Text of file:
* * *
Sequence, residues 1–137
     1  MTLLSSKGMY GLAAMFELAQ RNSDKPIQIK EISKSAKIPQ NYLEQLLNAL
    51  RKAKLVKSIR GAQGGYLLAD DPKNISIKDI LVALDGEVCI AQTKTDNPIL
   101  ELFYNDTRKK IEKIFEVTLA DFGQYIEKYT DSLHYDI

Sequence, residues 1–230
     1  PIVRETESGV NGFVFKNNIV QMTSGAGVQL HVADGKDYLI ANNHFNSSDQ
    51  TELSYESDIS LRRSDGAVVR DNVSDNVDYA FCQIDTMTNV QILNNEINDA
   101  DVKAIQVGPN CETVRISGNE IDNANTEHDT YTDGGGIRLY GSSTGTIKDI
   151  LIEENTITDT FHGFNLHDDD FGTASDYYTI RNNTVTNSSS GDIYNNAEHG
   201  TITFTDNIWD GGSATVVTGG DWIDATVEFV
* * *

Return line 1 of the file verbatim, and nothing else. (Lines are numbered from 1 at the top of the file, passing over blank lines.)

Sequence, residues 1–137